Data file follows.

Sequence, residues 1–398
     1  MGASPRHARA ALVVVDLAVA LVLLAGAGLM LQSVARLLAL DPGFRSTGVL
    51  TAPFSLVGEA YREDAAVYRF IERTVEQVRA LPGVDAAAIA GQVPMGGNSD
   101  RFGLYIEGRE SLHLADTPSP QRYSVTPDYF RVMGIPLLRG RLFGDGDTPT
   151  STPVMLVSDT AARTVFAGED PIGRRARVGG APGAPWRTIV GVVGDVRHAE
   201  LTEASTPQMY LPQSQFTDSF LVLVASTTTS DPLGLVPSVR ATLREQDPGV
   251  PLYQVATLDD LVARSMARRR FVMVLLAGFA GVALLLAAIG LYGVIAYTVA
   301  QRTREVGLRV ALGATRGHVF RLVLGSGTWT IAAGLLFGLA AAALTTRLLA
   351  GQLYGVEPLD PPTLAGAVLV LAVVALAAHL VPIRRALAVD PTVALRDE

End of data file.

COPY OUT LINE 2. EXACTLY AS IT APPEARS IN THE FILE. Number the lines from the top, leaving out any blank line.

     1  MGASPRHARA ALVVVDLAVA LVLLAGAGLM LQSVARLLAL DPGFRSTGVL